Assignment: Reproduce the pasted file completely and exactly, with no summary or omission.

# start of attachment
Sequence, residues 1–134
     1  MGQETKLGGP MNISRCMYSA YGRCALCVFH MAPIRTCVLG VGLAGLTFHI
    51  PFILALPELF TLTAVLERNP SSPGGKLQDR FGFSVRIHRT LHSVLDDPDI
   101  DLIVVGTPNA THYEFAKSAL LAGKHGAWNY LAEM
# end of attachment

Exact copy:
Sequence, residues 1–134
     1  MGQETKLGGP MNISRCMYSA YGRCALCVFH MAPIRTCVLG VGLAGLTFHI
    51  PFILALPELF TLTAVLERNP SSPGGKLQDR FGFSVRIHRT LHSVLDDPDI
   101  DLIVVGTPNA THYEFAKSAL LAGKHGAWNY LAEM